by Jeff Reeves | November 28, 2013 6:01 am
Intel (INTC) was my pick for our best stocks of 2013 contest at InvestorPlace, and things started the year just fine. INTC raced up about 30% in just a few months, and with a nice dividend yield the investment was sitting pretty.
However, things have gotten rocky in the second half of the year. And though Intel stock is still up about 20% in 2013, this tech giant is not a safe bet for the new year — so any investors camping out in INTC should take the money and run.
And if you’re looking for new investments in the new year, steer clear of this tech stock.
Here’s why Intel is a bad bet:
It’s no secret that Intel has been late to the mobile game, with its designs lagging behind rivals like ARM Holdings (ARMH), Qualcomm (QCOM) and Broadcom (BRCM). But the problem lately has been that INTC continues to spend big to prime the pump with very limited results thus far — and no immediate impact on the bottom line.
A new line of low-power chips that Intel is calling Bay Trail seems to be winning over some manufacturers; however, the line still is limited to also-rans — tablets from Hewlett-Packard (HPQ) and Toshiba (TOSBF), for instance, without a single big-name smartphone like the Apple (AAPL) iPhone.
Intel is investing big in mobile, as it should, but none of those investments are even close to paying off in 2014 based on this year’s slow progress.
Furthermore, mobile chips simply don’t command the same margins as the old PC chips did. Meaning that if Intel is getting a fifth or a tenth of the profits on these mobile chip lines, INTC needs to sell 5x to 10x more product to hit the same numbers.
That compounds the need for mobile growth, and the impact that the transition will have on INTC stock in 2014.
One of the most compelling reasons to invest in INTC is its massive 3.7% dividend yield — a heck of a number, especially for a tech stock. But Intel’s dividend growth has slowed immensely, so there’s no guarantee that income stream is going to get any bigger.
Consider that in 2003, INTC stock paid 2 cents per quarter. It now pays 22.5 cents — a 1,150% increase in just 10 years! But before you get all excited, remember that the most recent increase to Intel dividend payments was from 21 cents to 22.5 — a miserly 7% hike.
The rate of dividend growth has been slowing for some time at Intel. That’s not a death knell, of course, but if the stock continues to go nowhere, then you have to wonder what INTC has to offer beyond the current yield.
And if the stock goes lower? Well, even a 3.7% dividend yield in INTC stock is cold comfort.
RBC Capital Markets recently downgraded the chip giant from “outperform” to “sector perform” with a lowered target of $26 a share instead of $27.
That comes after Cannacord Genuity put a $22 target on shares with a “hold” rating after INTC lowered its guidance at an analyst event.
These moves are a reflection of broader sentiment around Intel stock — not that the company will crash, but just that the best days of INTC might be behind it.
To me, the most telling sign of decline isn’t the stagnant revenue or the lowered guidance. These are symptoms of a bigger shift in the business — namely, that Intel is making more chips for other chip designers instead of producing its own designs.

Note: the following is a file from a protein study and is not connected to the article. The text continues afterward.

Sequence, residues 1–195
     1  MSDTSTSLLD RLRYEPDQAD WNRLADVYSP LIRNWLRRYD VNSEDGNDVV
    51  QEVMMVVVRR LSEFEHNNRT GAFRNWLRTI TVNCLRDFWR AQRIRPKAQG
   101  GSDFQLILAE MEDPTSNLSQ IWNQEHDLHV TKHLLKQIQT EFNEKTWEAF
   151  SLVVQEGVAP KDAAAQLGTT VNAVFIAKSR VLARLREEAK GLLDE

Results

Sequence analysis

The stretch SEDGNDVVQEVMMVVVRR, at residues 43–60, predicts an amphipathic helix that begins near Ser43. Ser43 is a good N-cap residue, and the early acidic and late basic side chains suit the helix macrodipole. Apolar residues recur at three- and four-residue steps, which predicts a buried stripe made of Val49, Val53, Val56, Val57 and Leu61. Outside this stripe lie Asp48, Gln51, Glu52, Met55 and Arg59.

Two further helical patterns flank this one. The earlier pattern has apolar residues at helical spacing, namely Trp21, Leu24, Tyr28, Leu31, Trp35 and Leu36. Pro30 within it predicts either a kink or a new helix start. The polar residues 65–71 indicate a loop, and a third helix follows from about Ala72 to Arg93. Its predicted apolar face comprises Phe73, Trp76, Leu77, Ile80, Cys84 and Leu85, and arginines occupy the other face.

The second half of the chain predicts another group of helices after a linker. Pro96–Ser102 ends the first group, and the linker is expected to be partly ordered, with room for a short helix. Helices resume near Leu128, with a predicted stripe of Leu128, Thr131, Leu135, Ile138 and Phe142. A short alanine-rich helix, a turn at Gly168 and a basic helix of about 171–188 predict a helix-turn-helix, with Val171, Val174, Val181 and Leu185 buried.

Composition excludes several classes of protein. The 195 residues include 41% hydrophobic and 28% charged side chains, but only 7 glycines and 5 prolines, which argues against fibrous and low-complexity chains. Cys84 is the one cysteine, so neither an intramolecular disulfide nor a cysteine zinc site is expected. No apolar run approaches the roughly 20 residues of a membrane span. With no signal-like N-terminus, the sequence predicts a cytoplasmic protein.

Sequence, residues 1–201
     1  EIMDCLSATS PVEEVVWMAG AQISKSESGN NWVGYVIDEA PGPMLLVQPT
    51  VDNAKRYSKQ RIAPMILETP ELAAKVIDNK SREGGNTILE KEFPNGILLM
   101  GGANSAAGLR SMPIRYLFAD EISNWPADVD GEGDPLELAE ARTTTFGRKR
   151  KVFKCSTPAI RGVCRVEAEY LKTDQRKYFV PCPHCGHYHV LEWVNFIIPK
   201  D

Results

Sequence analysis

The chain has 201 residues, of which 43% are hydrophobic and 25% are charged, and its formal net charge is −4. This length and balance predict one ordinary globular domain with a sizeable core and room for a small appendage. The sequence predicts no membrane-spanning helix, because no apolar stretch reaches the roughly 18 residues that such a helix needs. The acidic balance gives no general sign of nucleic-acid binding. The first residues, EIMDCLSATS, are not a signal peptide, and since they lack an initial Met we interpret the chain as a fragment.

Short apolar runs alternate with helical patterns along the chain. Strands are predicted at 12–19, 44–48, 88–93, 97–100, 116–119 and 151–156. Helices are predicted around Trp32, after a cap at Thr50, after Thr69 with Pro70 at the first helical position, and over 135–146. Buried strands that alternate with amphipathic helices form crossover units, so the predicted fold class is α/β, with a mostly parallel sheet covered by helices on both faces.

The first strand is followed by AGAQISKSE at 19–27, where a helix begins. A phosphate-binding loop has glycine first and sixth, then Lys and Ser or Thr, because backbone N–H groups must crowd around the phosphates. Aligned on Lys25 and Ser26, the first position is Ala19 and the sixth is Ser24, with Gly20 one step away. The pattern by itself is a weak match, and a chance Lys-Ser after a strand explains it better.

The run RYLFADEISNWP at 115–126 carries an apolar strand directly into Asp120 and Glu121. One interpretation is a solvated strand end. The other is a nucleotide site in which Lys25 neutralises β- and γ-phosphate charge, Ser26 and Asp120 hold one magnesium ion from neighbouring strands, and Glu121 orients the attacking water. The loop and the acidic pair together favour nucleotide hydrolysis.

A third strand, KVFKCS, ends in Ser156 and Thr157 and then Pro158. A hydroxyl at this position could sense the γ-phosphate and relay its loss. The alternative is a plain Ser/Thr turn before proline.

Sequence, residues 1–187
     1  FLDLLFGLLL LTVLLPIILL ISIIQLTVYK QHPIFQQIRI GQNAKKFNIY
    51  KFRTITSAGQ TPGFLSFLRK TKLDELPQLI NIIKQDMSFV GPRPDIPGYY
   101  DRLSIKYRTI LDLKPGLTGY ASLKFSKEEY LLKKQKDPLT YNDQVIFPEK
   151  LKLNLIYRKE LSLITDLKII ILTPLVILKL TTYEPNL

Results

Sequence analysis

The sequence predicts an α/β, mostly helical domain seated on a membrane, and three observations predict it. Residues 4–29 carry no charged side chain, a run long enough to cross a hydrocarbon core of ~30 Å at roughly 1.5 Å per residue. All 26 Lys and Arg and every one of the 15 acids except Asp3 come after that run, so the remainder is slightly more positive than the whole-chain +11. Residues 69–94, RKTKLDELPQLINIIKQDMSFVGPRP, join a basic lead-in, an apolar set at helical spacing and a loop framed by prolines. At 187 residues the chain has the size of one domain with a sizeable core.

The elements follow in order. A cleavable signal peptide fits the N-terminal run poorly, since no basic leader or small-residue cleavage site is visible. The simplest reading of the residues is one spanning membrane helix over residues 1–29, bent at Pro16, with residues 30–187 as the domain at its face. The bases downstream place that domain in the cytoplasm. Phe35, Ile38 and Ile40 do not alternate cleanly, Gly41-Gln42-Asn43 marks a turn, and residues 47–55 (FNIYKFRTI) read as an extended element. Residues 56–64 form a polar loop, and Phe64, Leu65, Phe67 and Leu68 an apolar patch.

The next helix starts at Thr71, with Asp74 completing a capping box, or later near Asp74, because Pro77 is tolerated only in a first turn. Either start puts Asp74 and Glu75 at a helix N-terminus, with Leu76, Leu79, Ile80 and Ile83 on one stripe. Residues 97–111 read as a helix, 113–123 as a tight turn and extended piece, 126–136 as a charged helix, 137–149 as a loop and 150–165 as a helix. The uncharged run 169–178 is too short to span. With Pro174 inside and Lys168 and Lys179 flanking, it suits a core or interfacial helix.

So-called “fabless” companies make their money creating innovative chip specs, then simply outsourcing the production to other facilities. And while Intel has long been reluctant to team up with rivals that compete with it on the design front, the fact that it is running under capacity and the need to create more revenue has led INTC to new foundry partnerships — even if that means producing the chips that gadget companies preferred over Intel’s own.
In fact, many reports indicate Intel will team up with both ARM and rival Taiwan Semiconductor (TSM) in 2014.
This is the root cause of lower margins, revenue and momentum for Intel stock.
Now, Intel still has a scale that’s unmatched in semiconductors and is the No. 1 foundry in the world. And it’s also worth noting that with a forward P/E of about 12, INTC boasts a low earnings multiple compared with many other tech issues these days.
But that might be because growth will be very hard to come by given the shift to lower-margin fabrication instead of design and innovation.
After all, the new CEO of Intel, Brian Krzanich, is widely regarded as a manufacturing expert first and foremost. It’s logical for many investors to see this as a nod to Intel’s future as a manufacturer of chips more than a designer of chips.
There’s nothing wrong with that, since semiconductor fabrication is a reliable business — and one that will continue to support a robust and stable dividend for Intel as the company cranks out all manner of electronic components for an increasingly high-tech world.
However, home-grown chips have the biggest margins. And if INTC is simply going to rely on other people’s good ideas to get ahead … well, investors will have to seriously adjust their expectations for the stock.
Because a name that was once synonymous with the computer biz will be very much beholden to the new tech leaders in 2014.
In stark contrast to its famous “Intel Inside” campaigns, INTC is going to be on the outside looking in for some time.
Jeff Reeves is the editor of InvestorPlace.com and the author of The Frugal Investor’s Guide to Finding Great Stocks. As of this writing, he did not hold a position in any of the aforementioned securities. Write him at firstname.lastname@example.org or follow him on Twitter via @JeffReevesIP.
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